New Bears defensive coordinator Mel Tucker can't wait to start working with a unit that boasts a storied history as well as a strong core of veteran Pro Bowlers.
"What's not to like about the Bears?" Tucker said. "It's a great organization, lots of tradition, and my wife is from Chicago. I'm a Midwestern guy from Cleveland, played at Wisconsin. It's a great tradition of football, and on the defensive side of the ball there's some history here as well.
Tucker joins new Bears coach Marc Trestman's staff after spending the last five seasons as an NFL defensive coordinator with the Browns (2008) and Jaguars (2009-12).
In Chicago, Tucker inherits a defense that scored nine touchdowns, allowed the third fewest points in the NFL and helped the Bears lead the league with 44 takeaways in 2012.
As a result of that success, Tucker will keep the same terminology and won't make many changes to the 4-3 scheme. But that doesn't mean he won't add some of his own wrinkles to the system.
"Every year it's a challenge to try to get better because the margins are very slim in the NFL," Tucker said. "Everyone in the league right now is trying to do the same thing, trying to figure out how you can get an advantage offensively and defensively. We'll do what our players can do. We'll figure out a way to get people stopped and we'll move forward. I'm excited about it."
Tucker will work with a veteran defense that's led by linebacker Lance Briggs, defensive end Julius Peppers, and cornerbacks Charles Tillman and Tim Jennings. At this juncture, it's unclear whether the Bears will re-sign star middle linebacker Brian Urlacher and Pro Bowl defensive tackle Henry Melton, both of whom are due to become unrestricted free agents.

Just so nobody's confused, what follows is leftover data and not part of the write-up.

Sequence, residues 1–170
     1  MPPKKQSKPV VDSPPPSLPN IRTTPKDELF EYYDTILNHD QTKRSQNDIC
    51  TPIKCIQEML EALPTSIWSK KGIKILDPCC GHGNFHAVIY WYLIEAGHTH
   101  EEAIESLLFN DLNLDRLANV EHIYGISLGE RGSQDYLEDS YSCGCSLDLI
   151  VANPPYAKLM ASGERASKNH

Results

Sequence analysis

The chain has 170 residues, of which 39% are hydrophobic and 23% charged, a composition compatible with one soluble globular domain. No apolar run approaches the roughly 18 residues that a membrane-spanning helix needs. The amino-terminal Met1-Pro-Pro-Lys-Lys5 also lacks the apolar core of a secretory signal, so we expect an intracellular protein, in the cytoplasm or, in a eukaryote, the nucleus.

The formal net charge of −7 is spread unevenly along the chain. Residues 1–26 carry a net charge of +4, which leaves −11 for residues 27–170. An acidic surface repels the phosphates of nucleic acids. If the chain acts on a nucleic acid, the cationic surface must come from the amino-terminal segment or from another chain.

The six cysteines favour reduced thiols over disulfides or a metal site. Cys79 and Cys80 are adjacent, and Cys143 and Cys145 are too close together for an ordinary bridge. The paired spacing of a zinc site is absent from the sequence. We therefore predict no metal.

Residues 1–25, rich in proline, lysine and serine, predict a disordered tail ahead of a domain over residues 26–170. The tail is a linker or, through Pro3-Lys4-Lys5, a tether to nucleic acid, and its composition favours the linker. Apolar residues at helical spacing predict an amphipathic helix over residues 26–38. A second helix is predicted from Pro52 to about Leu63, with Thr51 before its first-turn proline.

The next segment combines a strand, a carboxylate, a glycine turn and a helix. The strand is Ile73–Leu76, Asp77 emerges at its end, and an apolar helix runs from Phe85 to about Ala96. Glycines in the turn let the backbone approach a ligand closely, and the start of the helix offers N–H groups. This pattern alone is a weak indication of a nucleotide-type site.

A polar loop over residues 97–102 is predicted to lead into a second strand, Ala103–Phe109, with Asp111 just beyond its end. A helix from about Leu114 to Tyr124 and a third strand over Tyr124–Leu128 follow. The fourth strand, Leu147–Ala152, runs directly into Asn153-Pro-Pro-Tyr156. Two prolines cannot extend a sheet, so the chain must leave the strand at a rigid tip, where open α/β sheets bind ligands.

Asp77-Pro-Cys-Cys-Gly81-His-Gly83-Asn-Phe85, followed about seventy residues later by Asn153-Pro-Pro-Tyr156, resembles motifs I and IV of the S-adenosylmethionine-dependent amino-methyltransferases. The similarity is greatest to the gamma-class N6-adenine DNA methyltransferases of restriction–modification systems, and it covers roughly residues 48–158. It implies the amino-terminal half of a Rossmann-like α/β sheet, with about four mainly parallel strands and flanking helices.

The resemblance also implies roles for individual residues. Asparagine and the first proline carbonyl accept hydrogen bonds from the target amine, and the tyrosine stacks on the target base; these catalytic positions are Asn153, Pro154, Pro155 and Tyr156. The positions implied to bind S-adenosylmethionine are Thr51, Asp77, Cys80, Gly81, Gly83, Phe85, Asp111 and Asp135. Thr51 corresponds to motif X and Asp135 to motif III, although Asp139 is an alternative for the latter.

"It's a good thing; veteran leadership, guys that know the system, guys know what it's all about," Tucker said. "They've been through the wars. I think that's a positive definitely."
After playing defensive back at Wisconsin, Tucker began his coaching career as a graduate assistant at Michigan State under Nick Saban in 1997-98. After spending one season coaching at Miami of Ohio in 1999, he rejoined Saban at LSU in 2000.
"He's just a great coach," Tucker said. "I learned a lot of technical football from Nick, learned a lot of recruiting from Nick, and just the way to prepare a football team, prepare as a coach; very detailed, very intense, a sense of urgency every day, and I learned to coach that way."
After spending four seasons at Ohio State from 2001-04, Tucker landed his first NFL job with the Browns, coaching defensive backs from 2005-07 before being promoted to defensive coordinator in 2008.
During Tucker's four years in Cleveland, the Browns ranked fifth in the NFL with 73 interceptions and seventh in pass defense. In 2008, Cleveland tied for third in the league with 31 takeaways and second with 23 interceptions.
As he begins his new job with the Bears, Tucker will be working with a defense that thrived under head coach Lovie Smith and coordinator Rod Marinelli. While many defensive players were upset that Smith was fired, Tucker isn't worried about winning them over on Day 1.
"It's going to be a daily process," Tucker said. "It's about trust and respect. That's earned on a daily basis. I'm different. I'm not going to try to be someone that I'm not. But I think as guys get to know our staff, I think they'll like what they see."